I was also interested to see the way that our attitude towards young offenders really hasn’t changed all that much since 1952 when this book was originally published. A problem that we’re still struggling with and haven’t found any easy answers.

I did feel that the end was a bit weaker than many of the Christie books that I have read up until now--the perpetrator got to escape prosecution, although their end was arguably worse than what the courts would have assigned.

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review 2019-09-14 22:54
Slayer / Kiersten White
Slayer - Kiersten White

Nina and her twin sister, Artemis, are far from normal. It’s hard to be when you grow up at the Watcher’s Academy, which is a bit different from your average boarding school. Here teens are trained as guides for Slayers—girls gifted with supernatural strength to fight the forces of darkness. But while Nina’s mother is a prominent member of the Watcher’s Council, Nina has never embraced the violent Watcher lifestyle. Instead she follows her instincts to heal, carving out a place for herself as the school medic.

Until the day Nina’s life changes forever.

Thanks to Buffy, the famous (and infamous) Slayer that Nina’s father died protecting, Nina is not only the newest Chosen One—she’s the last Slayer, ever. Period.



I read this book to fill the New Release square of my 2019 Halloween Bingo Card.

If you were ever a fan of Buffy the Vampire Slayer, this is the book for you. And just like the Buffy television series, this book is about so much more than young women slaying vampires. This is a book about grief, about the misunderstandings that happen between parent and child as well as between siblings, about the agony of being adolescent and not feeling like you fit in.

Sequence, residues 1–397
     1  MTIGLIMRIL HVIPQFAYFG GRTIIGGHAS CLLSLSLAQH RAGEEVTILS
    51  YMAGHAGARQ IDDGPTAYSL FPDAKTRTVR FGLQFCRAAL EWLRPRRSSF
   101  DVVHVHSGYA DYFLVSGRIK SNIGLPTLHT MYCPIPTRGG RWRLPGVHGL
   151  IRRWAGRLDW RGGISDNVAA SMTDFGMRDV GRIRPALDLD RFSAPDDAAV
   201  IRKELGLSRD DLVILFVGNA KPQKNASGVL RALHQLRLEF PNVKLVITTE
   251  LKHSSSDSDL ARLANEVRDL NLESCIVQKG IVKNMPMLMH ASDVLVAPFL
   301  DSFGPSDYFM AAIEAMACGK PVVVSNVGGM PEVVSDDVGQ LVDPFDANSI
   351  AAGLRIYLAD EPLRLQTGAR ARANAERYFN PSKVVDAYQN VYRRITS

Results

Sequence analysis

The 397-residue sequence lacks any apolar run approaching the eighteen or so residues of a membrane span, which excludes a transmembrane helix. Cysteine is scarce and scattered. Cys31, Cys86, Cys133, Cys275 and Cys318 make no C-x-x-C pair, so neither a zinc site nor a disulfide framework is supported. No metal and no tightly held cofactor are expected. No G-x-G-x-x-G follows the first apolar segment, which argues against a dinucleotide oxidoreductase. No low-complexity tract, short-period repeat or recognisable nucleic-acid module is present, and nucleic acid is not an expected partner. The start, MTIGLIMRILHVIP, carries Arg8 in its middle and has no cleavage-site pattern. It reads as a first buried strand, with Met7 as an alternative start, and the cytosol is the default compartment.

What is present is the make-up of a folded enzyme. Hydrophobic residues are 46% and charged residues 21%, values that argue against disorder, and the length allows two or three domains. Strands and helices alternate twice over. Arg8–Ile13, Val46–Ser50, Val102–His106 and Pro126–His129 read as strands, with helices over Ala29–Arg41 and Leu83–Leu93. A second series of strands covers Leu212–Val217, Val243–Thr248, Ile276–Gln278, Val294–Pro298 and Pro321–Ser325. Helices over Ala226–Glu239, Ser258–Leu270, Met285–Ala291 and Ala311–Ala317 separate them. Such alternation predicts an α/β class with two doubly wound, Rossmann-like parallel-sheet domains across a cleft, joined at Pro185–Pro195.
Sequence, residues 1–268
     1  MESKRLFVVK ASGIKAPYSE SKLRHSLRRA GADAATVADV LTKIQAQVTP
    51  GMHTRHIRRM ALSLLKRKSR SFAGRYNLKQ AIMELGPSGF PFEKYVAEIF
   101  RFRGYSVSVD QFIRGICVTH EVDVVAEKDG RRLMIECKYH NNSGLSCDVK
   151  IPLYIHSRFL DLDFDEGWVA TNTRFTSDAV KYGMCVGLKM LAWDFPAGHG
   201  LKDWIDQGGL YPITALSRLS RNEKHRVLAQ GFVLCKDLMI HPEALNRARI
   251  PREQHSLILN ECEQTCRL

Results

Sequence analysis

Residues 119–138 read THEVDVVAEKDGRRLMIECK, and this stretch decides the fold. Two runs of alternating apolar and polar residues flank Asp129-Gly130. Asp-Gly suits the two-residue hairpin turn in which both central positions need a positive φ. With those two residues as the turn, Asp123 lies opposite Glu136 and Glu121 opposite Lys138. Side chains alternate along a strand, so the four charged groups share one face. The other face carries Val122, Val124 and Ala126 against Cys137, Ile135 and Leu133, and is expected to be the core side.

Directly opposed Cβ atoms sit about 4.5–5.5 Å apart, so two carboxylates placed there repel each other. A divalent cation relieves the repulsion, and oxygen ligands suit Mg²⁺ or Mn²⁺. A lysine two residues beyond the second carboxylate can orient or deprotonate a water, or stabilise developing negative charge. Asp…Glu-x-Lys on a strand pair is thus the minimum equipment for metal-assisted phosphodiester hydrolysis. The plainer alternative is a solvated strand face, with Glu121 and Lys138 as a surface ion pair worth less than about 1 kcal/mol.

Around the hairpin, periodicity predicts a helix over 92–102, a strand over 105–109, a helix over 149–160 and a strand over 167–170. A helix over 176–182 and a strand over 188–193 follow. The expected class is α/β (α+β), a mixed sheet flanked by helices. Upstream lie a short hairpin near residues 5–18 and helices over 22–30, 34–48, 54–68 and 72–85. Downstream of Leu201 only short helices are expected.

But, once again just like the TV series, there is plenty of action complete with plot twists and turns to keep you reading along happily. I’m maybe not quite as enamoured of this series as I was of White’s The Conqueror’s Saga, but I certainly wouldn’t be opposed to reading the next book, Chosen, when it comes out next year. I’ll be interested to see how Nina chooses to make her status as Chosen work into a life that she has actually chosen for herself.

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review 2019-09-14 10:38
The Book Supremacy (Bibliophile Mystery, #13)
The Book Supremacy - Kate Carlisle

This used to be one of my favorite mystery series, and it has all the things I generally enjoy: likeable, fleshed out secondary characters, strong friendships, wacky families, and the bookbinding angle is a serious plus.  But the last couple of books have felt heavier handed than usual in terms of the relationship between the MC Brooklyn, and her now-husband, Derek.  Lovey Dovey is the only term I can think of to adequately describe it.  I prefer affection to be subtle and I don't need to be reminded how much they're in love.  It was all a bit too sweet.